WASHINGTON — The planned Sept. 15 launch of an upgraded Falcon 9 rocket is in question following the rocket’s prelaunch static fire test at Vandenberg Air Force Base, Calif., according to Elon Musk, founder and chief executive of Space Exploration Technologies Corp. (SpaceX).
“Full thrust achieved on 2 sec static fire,” Musk tweeted early Sept. 13. “Some anomalies to be investigated, so launch date [to be determined].”
Hours after Musk’s tweet, however, the Canadian Space Agency (CSA) — SpaceX’s customer for Falcon v1.1’s debut — issued a media advisory saying launch of the Cassiope space weather satellite was on for Sept. 15 and would lift off during a two-hour window that opens at 12:00 p.m. EDT.
“The launch is still planned for Sunday (Sept. 15) however we will know for sure after the launch readiness review planned for tomorrow,” a CSA official told SpaceNews midday Sept. 13.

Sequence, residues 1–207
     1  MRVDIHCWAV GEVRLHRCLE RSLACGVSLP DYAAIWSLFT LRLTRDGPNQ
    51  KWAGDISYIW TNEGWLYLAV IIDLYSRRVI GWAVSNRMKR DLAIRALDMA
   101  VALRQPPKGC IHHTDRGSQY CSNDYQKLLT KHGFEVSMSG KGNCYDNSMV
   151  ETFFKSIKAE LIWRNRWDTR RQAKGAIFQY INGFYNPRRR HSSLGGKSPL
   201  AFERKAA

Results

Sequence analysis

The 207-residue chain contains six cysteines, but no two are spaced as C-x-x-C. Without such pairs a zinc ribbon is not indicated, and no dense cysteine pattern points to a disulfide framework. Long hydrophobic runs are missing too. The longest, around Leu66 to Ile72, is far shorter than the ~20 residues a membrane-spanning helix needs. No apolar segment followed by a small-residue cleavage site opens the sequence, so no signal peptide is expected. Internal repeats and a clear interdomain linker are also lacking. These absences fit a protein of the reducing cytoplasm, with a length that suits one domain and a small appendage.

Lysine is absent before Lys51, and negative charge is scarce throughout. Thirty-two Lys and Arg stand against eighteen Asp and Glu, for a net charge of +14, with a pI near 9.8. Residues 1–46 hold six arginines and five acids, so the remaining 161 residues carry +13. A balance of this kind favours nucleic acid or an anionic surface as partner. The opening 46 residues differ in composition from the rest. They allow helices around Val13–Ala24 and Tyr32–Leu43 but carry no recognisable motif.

SpaceX spokeswoman Emily Shanklin could not be immediately reached for comment.
Musk told SpaceNews in recent interview that SpaceX was being “extremely paranoid about the launch and trying to do everything we possibly can to improve the probability of success, but this is a new rocket.”
Falcon 9 v1.1 features upgraded engines installed in a new configuration and a larger payload fairing designed to accommodate a backlog of commercial customers that have contracted with SpaceX to haul their communications satellites to geostationary transfer orbit.
If all goes well during the Cassiope launch, SpaceX plans to return to Cape Canaveral, Fla., to launch its first geostationary-orbit mission. The customer for that mission is satellite fleet operator SES of Luxembourg.